H Visa – Professional Workers

The H classification is divided into four (4) categories.

H-1B Visa – Specialty Occupation

Overview:
The H-1B visa is the most common visa used by employers in the United States to employ foreign nationals. It is a temporary professional visa that allows professionals to enter the United States to accept temporary employment within specialty occupations. A specialty occupation is one that requires theoretical or technical expertise in specialized fields and the attainment of a bachelor’s or higher degree in the specific specialty (or its equivalent in work experience) as a minimum for entry into the occupation in the U.S.

Cap Limitation:
Only the initial H-1B visa petition is subject to annual quota restrictions. A maximum of 65,000 H-1B non-immigrant visas are issued per fiscal year (from October 1 to September 30). Nonetheless, the first 20,000 petitions filed for a beneficiary who has obtained a U.S. Master’s degree or higher are exempt from this cap.

Furthermore, the cap does not apply to applicants filing H-1B petitions through institutions of higher education, nonprofit research organizations, and government research organizations and filing for amendments, extensions, and transfers of their current H-1B visas.

The USCIS starts accepting H-1B cap subject visa petitions on April 1st of each year but no more than six month before the H-1B start date. As such, the employer should contact an attorney three to four months in advance to April 1st, to make sure that the petitions are prepared and filed on time.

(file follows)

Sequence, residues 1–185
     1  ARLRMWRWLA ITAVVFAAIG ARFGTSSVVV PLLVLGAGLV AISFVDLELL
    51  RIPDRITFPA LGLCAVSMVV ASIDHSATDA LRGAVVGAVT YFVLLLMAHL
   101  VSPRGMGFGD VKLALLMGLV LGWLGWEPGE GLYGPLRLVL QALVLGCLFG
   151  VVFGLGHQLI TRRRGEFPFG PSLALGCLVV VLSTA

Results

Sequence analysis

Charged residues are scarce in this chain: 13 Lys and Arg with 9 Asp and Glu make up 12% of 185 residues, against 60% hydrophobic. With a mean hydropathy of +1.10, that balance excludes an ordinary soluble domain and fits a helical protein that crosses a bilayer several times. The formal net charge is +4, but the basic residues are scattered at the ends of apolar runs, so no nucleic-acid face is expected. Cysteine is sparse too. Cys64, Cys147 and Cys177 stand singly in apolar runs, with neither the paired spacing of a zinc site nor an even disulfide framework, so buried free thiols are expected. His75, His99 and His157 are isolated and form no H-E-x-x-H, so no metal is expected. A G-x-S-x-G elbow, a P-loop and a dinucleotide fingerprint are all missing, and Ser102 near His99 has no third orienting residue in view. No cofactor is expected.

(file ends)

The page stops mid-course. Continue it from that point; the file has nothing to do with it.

Requirements:
To qualify for an H-1B visa:

  • The employer must demonstrate that the proposed employment qualifies as a specialty occupation that is one requiring a minimum of a Bachelor’s or higher degree. (ex: accountant, acupuncturist, computer programmer, financial analyst, graphic designer, sales manager, etc.);
  • The foreign national must have the required qualifications, meaning:
    • A U.S. baccalaureate or higher degree which is required by the specialty occupation;
    • A foreign degree determined to be equivalent to the U.S. baccalaureate degree; or
    • A combination of education and experience which is equivalent to the required U.S. degree.
  • Where licensure is required to practice a profession, the applicant must hold appropriate licensure under state law;

An employer can request, by paying an additional fee, premium processing service which requires the USCIS to adjudicate the petition within 15 calendar days.

Terms and Conditions:

  • The employer must pay its H-1B worker(s) at least the “required” wage which is the higher of the prevailing wage or the employer’s actual wage (in-house wage) for similarly employed workers. The prevailing wage is the wage rate for the occupational classification in the geographical area of employment;
  • The employer must pay certain costs and expenses on behalf of an H1B employee, such as the return transportation costs of the H-1B employee if the latter is dismissed prior the completion of the H-1B term;
  • The H-1B employee can enter the U.S. under the H-1B status up to ten (10) days in advance of the employment start date and is also granted permission to leave ten (10) days after expiration of his/her status. However, there is no “grace period” for H-1B employees terminated before the completion of the term of their visa;
  • The H-1B visa is employer specific, meaning that the H-1B employee is limited to employment with the approved employer/petitioner only. As such, a change of employer requires a new H-1B petition;
  • H-1B foreign specialty workers are not required to maintain foreign residence and may seek permanent residence in the U.S.

Period of Stay:
The H-1B visa is usually granted in three-year increments not to exceed a total of 6 years, unless a permanent residence application is in progress, in which event additional extensions beyond six-years may be obtained.